Issue 1 - 2023 front

24 February 2000 Edition

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MoD destroys Bloody Sunday rifles


The credibility of the Saville inquiry into the events of Bloody Sunday was further undermined last week after it was revealed that the British Ministry of Defence (MoD) had destroyed two more of the remaining five rifles fired by British soldiers. Confirmation was given by British Defence Minister Geoffrey Hoon in the British House of Commons last Thursday. The minister said it was a matter of deep regret that the two rifles had been destroyed and that an investigation into the matter had begun.

The Saville inquiry team is ``gravely concerned'' that just three of 29 rifles held after Bloody Sunday remain
After the conclusion of the Widgery Tribunal in 1972, over two dozen rifles identified as fired by British soldiers during the events of Bloody Sunday were labelled and stored by the MoD. In September last year the Saville inquiry learnt that 10 of the original 29 rifles had been sold and a further 14 had been scrapped by the MoD, just days before the new inquiry was launched. The MoD assured the Saville inquiry that the remaining five rifles had been secured, with access to them strictly controlled.

Less than six months later, the revelation that a further two rifles have been destroyed ``by mistake'' beggars belief. ``These were potentially murder weapons,'' said Tony Doherty, whose father Patrick was amongst the dead. Doherty said the MoD's actions appeared to be an attempt to destroy vital evidence and pervert the course of justice. A spokesperson for the Saville inquiry described the inquiry team's attitude as ``gravely concerned''.

Foyle Assembly member and Sinn Féin national chairperson Mitchel McLaughlin has accused the British Prime Minister of deliberately undermining the efforts of the Saville Inquiry. The inquiry is set to open next month.

``This latest revelation provides yet more evidence that there are elements within the British military establishment which are determined to prevent the truth of Bloody Sunday emerging,'' said McLaughlin, ``since the inception of the inquiry Tony Blair has presided over a government which has allowed the course of proceedings to be stalled, obstructed and undermined.''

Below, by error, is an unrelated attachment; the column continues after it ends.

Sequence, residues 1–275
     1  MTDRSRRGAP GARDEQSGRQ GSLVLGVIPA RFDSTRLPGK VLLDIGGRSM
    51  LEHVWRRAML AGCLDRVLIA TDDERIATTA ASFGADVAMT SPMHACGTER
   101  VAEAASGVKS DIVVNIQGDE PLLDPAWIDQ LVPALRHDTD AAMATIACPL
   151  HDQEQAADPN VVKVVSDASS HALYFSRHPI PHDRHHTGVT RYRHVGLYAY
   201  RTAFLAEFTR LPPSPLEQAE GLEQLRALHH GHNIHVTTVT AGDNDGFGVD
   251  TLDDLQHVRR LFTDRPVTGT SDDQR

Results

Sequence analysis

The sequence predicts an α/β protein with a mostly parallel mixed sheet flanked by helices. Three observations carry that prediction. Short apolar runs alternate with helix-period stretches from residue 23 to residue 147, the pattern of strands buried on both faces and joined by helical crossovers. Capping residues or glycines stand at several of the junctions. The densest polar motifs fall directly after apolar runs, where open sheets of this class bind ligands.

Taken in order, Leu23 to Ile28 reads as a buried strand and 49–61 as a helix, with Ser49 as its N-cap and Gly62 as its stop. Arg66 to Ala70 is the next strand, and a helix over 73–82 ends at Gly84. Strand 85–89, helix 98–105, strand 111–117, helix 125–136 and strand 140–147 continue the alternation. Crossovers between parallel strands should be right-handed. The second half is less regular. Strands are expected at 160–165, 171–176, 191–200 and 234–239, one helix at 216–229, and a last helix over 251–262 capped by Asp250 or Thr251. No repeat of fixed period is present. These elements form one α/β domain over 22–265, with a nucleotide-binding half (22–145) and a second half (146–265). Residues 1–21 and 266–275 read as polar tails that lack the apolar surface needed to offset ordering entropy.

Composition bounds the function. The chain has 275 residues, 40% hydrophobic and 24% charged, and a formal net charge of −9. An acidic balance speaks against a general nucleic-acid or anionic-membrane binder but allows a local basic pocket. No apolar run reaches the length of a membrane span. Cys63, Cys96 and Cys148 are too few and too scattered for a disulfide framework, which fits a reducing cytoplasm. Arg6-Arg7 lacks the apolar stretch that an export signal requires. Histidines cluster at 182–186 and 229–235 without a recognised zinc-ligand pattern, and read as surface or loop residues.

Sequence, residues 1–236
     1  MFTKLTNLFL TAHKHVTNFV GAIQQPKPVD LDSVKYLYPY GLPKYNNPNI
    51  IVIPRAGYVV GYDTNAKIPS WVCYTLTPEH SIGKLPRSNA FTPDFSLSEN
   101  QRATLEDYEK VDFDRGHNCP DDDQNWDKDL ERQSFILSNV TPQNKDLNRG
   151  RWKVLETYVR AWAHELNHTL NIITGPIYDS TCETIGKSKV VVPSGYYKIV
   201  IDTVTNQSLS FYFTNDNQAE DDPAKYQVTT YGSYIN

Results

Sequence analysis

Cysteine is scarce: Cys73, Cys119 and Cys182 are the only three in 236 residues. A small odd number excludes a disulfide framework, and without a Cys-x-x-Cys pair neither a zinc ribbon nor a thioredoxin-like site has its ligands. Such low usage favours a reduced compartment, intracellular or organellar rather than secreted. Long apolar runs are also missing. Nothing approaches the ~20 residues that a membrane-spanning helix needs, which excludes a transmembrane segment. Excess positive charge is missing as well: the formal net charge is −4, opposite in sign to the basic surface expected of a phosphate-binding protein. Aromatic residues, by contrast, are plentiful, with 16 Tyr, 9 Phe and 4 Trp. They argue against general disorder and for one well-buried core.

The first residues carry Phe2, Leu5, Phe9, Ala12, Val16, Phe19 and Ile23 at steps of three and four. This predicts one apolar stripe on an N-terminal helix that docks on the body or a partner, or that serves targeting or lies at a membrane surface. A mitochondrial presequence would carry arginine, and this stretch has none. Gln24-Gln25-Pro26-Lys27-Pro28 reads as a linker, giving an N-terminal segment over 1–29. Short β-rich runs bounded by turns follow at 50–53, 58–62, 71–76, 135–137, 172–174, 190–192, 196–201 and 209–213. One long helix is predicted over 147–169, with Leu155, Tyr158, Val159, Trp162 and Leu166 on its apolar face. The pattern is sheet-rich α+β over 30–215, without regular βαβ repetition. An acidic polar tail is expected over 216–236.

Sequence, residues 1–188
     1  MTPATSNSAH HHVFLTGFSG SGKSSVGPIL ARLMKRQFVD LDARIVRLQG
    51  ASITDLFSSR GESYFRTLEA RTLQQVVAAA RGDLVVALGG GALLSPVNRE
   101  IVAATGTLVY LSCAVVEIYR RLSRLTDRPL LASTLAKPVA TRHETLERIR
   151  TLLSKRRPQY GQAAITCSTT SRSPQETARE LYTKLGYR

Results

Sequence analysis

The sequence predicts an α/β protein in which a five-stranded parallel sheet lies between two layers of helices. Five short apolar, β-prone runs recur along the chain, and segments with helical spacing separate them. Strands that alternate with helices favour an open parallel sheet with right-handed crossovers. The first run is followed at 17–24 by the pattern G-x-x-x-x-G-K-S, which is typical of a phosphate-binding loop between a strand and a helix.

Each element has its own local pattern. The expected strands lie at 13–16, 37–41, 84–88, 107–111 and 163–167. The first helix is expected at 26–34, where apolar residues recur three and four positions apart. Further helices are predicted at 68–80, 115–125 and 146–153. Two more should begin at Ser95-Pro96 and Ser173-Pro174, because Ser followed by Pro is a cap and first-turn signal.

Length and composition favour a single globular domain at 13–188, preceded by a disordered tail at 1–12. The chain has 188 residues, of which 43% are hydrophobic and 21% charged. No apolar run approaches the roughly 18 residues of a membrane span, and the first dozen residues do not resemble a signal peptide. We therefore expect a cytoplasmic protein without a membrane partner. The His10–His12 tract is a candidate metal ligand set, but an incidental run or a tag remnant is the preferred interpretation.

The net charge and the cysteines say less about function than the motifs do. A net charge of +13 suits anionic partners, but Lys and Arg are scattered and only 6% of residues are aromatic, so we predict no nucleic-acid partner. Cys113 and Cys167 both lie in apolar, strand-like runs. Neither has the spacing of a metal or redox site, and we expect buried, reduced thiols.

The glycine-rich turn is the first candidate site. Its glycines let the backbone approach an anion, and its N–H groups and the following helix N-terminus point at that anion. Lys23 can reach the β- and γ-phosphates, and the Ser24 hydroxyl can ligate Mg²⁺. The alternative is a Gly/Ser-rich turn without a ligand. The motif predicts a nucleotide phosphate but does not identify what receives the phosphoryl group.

Confidence in the integrity of the Inquiry is gradually being sapped, said the Sinn Féin politician. ``The bereaved and wounded of Bloody Sunday have fought a long campaign for truth and justice, it is clear from these latest developments that there remains a powerful lobby staunchly opposed to a fully comprehensive investigation and the onus is on the British Prime Minister to ensure that these elements do not succeed in thwarting the aims of the Saville inquiry.''

The destruction of two of the remaining weapons has not only further confirmed that the British military have something to hide but has also fuelled speculation around what they may be hiding and its significance. One possibility currently being mooted is that one of the two destroyed rifles could belong to the witness known as Soldier H.

Soldier H gained notoriety because even Widgery found it difficult to believe his evidence. The soldier was the member of the anti-tank platoon. He substantially altered his initial account of events, specific details which could have led to a charge of ``murder or attempted murder'' were changed, and the evidence he presented did not accord with accounts given by other soldiers. In the most bizarre claim, Soldier H said he fired at a gunman at a window on 19 separate occasions.

Other speculation has suggested that the destroyed weapons may not have been SLRs but .303 mark 4 sniper rifles. This has been dismissed by the MoD as ``rubbish''. Whether the 29 weapons retained after Widgery and of which now only three remain available for forensic examination were all SLRs or not is perhaps not the question. Eyewitness accounts and the detail in some autopsy reports suggest sniper rifles were fired by the British Army on that day. The question is, where are these weapons and why have they never been produced as evidence?

Meanwhile, a British Army whistleblower has offered to give evidence to the Saville Inquiry if he is allowed to testify anonymously. Known as Martin Ingram, the whistleblower was a former member of the covert British Military Intelligence unit, FRU.

Following revelations last November in which Ingram claimed that offices occupied by the Stevens Inquiry team in the early 1990s were deliberately set on fire by a covert British Army unit, Ingram has been the subject of a nationwide search by the British MoD and Metropolitan Special Branch. According to Liam Clarke of the Sunday Times, one British soldier has been arrested on suspicion of being Ingram and several others have been questioned.

The offer to give evidence to the Saville Inquiry came through Ingram's solicitor, John Wadham. Wadham is one of Britain's leading civil rights experts and director of Liberty. Wadham described Ingram's offer to come forward as courageous. A solicitor acting for one of the families has also called for Ingram to be allowed to testify.

In an interview published by the Sunday Times last year, Ingram claimed to have seen intelligence files relating to Bloody Sunday which showed that the IRA had been ordered not to open fire. This contradicts the British Army's claim that they expected to be attacked. Since publishing the interview, the Sunday Times has been the subject of a gagging order banning further publication of revelations concerning the FRU.

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